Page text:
Mar 26, 2014
This paper discusses arguments for and against a securities transaction tax (STT) and evaluates the pros and cons based on a review of empirical evidence concerning the impact of STTs on equity and futures markets (i.e., trading volume, bid-ask spreads, and price volatility) and market efficiency in various countries. I find that an STT would likely reduce trading volume and increase trading cost, but may not reduce price volatility. The size of potential STT revenue depends on the STT’s impact on market activity. A sizable STT on futures and equity markets would not only fail to generate the expected tax revenue, it would also likely hurt the international competitiveness of US equity and futures markets.
Dec 12, 2013
Every country faces an intertemporal budget constraint, which requires that its government’s future expenditures, including servicing its outstanding official debt, be covered by its government’s future receipts when measured in present value. The present value difference between a country’s future expenditures and its future receipts is its fiscal gap. The US fiscal gap now stands at $205 trillion. This is 10.3 percent of the estimated present value of all future US GDP. The United States needs to raise taxes, cut spending, or engage in a combination of these policies by an amount equal to 10.3 percent of annual GDP to close its fiscal gap. Closing the gap via raising taxes would require an immediate and permanent 57 percent increase in all federal taxes. Closing the gap via spending cuts (apart from servicing official (debt) would require an immediate and permanent 37 percent reduction in spending. This grave picture of America’s fiscal position effectively constitutes a declaration of bankruptcy.
Sep 17, 2013
The US federal tax code contains a number
of provisions designed to encourage
individuals to save for retirement. These
provisions allow individuals to avoid or
defer taxes if they choose to set aside a
portion of their income for future consumption.
When all of these provisions are combined, they
are the second largest “tax expenditure” category
as defined by the Joint Committee on Taxation.
The exclusion of retirement savings from taxation
causes some economic distortions, which we will
discuss in this paper. However, unlike some other
tax expenditures, there is a strong economic rationale
for not taxing savings. Higher rates of investment
lead to higher rates of economic growth, and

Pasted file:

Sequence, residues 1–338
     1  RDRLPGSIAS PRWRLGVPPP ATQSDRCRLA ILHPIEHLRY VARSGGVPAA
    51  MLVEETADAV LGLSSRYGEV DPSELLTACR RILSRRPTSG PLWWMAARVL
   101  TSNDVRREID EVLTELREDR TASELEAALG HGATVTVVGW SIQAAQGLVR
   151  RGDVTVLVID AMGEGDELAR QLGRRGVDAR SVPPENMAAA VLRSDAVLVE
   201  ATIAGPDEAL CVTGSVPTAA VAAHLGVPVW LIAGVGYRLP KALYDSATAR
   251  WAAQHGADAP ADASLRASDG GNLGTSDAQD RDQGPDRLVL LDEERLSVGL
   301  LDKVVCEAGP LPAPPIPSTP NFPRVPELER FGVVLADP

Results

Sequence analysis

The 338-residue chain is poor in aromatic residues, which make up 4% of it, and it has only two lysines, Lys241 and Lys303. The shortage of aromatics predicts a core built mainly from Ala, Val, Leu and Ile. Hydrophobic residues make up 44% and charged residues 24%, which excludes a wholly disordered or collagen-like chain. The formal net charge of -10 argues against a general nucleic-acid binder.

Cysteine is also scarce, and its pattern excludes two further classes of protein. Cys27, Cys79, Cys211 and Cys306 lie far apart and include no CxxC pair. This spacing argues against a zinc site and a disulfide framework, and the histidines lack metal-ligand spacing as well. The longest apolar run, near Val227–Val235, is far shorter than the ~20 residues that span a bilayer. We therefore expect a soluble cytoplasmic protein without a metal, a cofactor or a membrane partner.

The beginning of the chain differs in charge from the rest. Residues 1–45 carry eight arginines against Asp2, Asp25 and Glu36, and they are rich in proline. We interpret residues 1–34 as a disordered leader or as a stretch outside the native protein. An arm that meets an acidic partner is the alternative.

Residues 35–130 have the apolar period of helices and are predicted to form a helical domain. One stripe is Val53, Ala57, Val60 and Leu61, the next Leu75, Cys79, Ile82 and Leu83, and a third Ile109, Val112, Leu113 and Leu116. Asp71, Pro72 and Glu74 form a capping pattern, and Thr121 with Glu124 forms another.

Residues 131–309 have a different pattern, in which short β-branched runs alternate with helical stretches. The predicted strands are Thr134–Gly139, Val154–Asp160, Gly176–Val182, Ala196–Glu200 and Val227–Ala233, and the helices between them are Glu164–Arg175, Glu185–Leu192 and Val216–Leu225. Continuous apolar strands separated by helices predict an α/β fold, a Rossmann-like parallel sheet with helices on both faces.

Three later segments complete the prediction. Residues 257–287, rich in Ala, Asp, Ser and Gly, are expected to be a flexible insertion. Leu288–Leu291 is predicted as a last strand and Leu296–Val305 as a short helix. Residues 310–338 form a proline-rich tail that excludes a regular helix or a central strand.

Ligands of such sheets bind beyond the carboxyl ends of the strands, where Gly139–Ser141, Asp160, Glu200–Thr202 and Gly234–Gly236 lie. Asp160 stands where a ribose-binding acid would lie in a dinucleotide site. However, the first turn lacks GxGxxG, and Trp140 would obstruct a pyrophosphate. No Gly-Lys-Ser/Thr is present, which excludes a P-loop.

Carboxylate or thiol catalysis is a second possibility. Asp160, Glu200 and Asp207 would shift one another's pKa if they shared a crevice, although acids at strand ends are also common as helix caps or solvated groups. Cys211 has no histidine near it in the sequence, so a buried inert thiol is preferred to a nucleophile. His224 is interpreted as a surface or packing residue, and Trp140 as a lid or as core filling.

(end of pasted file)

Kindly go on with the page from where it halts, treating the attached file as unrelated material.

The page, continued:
it may be sound policy for the tax code to encourage
this behavior, even after considering the economic
costs. Excluding retirement income from
taxation may also make the tax system more efficient,
even though most other tax expenditures
Sep 10, 2013
The exclusion of employer-provided health insurance from taxation lowers federal tax revenue significantly. According to the Office of Management and Budget, the federal government missed out on over $170 billion in income tax revenue and another $108 billion in payroll tax revenue in fiscal year 2012 due to the exclusion.1 Over the next five fiscal years, the federal government would collect around $1 trillion in income tax revenue if employer-provided health benefits were taxed, plus another $600 billion payroll tax revenue. Given the large deficits that the federal government continues to accumulate, this exclusion is a tempting source of new revenue. But closing this loophole would also mean a significant tax increase on all working Americans that currently receive health insurance from their employer.
Aug 21, 2013
Amid the recent debates about federal tax policy fairness, we critically compare various
measures of tax progressivity and the methodology used to estimate their value with empirical
data. First, we propose criteria for properly measuring tax progressivity and apply them to
these measures. Next, we propose criteria for evaluating the process of estimating these
measures with data on the distribution of income earned and taxes paid. Last, we examine
these various methods of measuring tax progressivity using an example dataset to reveal the
differences in tax-progressivity values produced by these various progressivity measures. The
analysis as a whole identifies a superior progressivity measure and estimation methodology
that can be applied to a more comprehensive set of income and tax-burden distribution data to
reveal a consistent and accurate measure of federal tax policy progressivity. This index is
capable of producing testable claims on the degree of progressivity, where these test results can
edify the normative federal tax policy debate.
Jun 17, 2013
The US economy is creating new wealth and growing employment, albeit at a slow pace. But uncertainty is the key word that describes the economic situation at mid-2013. There are major unknowns with respect to Fed policy, taxing and spending, the effects of Obamacare on employment, the implementation of Dodd-Frank financial reform, regulatory policy affecting the production of electricity, and the prospects for Europe’s recovery from an extended recession. Add to this pallid picture reductions in growth in China, India, and the developing world taking some of the edge off the global boom, which, in spite of that growth haircut, is still tugging away on America’s export growth.